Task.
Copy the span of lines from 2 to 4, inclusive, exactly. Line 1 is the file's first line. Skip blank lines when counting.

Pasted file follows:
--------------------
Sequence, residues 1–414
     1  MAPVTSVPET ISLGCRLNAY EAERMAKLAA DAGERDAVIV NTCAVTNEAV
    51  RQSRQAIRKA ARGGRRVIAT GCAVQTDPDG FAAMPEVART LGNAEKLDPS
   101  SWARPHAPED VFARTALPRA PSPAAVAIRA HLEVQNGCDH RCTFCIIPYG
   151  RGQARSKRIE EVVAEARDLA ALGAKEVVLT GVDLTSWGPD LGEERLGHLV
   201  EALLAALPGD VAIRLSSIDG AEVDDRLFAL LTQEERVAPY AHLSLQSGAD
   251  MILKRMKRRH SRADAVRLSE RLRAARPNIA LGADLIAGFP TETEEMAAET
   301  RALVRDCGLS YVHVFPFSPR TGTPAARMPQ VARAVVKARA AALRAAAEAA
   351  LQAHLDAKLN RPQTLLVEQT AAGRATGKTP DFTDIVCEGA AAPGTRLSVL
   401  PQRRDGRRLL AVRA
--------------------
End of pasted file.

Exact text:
     1  MAPVTSVPET ISLGCRLNAY EAERMAKLAA DAGERDAVIV NTCAVTNEAV
    51  RQSRQAIRKA ARGGRRVIAT GCAVQTDPDG FAAMPEVART LGNAEKLDPS
   101  SWARPHAPED VFARTALPRA PSPAAVAIRA HLEVQNGCDH RCTFCIIPYG